It looks like a new drug called Vemurafenib is a significant advance for people with advanced skin cancer - melanoma - that has spread to other parts of their body.
Trials have shown it extends their life expectancy by an average of four months and - just as important - doctors say it shrinks the cancers in most patients and relieves the pain they can cause. So it gives extra months of good quality life.
Charles Sain-Ley-Berry-Gray, is a young patient who is taking the drug:
It does however have downsides.
It's not a cure - it only keeps the cancer at bay. It only works for patients who have a specific genetic mutation that makes the cancer very aggressive - that's about half - it doesn't work at all for the others.
And it's expensive - about £35,000 for a course of treatment.
It has been approved in Europe, but that price puts it in a category that NICE (the government's watchdog) has often turned down as too expensive for the NHS. Indeed NICE has just recommended against another new treatment for melanoma that works in a different way because it's too expensive.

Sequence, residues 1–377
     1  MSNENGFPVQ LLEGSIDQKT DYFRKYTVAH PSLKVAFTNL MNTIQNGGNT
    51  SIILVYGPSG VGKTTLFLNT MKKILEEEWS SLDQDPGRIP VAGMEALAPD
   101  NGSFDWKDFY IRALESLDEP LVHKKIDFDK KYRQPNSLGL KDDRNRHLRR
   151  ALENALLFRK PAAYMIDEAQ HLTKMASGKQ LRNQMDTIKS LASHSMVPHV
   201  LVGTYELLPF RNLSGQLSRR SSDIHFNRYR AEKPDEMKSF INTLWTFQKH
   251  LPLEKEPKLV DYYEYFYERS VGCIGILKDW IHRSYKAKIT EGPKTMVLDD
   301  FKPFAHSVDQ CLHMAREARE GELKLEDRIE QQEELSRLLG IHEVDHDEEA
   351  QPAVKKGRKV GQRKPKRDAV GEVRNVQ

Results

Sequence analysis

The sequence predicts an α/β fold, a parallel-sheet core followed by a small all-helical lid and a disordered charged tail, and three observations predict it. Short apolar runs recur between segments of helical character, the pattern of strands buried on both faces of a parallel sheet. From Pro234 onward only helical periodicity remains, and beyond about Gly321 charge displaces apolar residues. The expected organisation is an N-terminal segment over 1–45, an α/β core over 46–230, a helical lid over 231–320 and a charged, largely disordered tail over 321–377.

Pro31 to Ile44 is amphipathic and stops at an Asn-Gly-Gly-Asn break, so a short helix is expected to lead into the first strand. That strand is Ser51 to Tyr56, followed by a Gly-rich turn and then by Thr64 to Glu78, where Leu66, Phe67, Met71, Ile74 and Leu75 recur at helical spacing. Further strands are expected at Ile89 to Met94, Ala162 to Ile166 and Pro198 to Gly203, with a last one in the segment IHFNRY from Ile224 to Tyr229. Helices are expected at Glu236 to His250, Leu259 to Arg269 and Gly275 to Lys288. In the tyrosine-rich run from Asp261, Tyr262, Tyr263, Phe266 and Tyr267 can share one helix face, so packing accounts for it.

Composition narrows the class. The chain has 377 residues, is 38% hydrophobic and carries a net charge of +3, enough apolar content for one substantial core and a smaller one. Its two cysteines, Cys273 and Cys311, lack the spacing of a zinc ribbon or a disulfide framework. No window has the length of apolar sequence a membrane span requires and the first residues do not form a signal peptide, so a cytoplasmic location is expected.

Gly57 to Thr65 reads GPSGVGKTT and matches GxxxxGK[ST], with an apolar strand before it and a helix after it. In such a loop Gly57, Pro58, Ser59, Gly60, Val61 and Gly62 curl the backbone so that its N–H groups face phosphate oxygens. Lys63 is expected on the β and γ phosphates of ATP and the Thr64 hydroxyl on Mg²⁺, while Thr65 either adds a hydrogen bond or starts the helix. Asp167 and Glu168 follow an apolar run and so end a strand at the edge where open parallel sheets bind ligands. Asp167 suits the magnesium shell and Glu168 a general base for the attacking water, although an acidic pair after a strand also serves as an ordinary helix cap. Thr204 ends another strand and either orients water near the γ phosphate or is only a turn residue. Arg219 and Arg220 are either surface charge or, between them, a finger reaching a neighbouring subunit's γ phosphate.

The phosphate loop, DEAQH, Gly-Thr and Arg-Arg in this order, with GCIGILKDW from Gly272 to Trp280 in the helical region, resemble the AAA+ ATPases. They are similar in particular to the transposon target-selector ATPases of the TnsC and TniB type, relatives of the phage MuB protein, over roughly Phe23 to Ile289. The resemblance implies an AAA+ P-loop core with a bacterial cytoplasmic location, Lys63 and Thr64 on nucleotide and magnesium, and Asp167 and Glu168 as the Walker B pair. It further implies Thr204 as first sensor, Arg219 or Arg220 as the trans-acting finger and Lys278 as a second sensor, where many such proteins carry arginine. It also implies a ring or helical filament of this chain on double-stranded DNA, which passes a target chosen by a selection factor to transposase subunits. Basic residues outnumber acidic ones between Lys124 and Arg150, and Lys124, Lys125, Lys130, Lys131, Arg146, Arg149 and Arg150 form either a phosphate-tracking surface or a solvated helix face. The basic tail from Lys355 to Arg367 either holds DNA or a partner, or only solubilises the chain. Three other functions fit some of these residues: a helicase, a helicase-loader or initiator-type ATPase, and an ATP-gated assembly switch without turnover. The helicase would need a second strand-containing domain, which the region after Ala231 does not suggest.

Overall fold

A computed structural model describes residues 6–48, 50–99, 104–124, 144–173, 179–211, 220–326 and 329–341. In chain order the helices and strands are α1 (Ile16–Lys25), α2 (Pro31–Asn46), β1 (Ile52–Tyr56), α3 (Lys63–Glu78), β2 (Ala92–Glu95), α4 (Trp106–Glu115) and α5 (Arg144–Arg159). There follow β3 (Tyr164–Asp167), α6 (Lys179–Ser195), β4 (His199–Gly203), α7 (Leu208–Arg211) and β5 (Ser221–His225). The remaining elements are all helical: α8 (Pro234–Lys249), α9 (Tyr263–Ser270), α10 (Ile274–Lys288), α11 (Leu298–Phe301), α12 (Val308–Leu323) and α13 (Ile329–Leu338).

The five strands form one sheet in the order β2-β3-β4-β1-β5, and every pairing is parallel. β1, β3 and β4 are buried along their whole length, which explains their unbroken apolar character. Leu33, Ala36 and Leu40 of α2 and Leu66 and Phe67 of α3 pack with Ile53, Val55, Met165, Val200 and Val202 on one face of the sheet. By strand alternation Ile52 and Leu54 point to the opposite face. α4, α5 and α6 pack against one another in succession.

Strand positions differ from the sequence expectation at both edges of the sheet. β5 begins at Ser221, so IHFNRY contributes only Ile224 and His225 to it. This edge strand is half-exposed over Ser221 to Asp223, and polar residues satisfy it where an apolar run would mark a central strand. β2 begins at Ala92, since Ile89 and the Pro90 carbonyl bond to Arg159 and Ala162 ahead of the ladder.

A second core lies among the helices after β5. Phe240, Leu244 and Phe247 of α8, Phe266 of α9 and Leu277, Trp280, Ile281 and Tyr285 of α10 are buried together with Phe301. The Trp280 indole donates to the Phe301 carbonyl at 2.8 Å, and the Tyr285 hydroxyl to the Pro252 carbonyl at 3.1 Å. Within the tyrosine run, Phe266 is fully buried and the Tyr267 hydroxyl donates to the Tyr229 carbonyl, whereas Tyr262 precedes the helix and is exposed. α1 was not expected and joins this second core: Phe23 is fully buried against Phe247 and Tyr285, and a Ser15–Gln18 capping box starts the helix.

Two bright spots though - doctors are already trying out both these new drugs in combination to see if they're even better together.
And both of these drugs are available through the Cancer Drug Fund that Andrew Lansley set up two years ago.
That's £200 million a year - though whether that's enough to cover all the new drugs like this that extend life but don't cure cancer remains to be seen.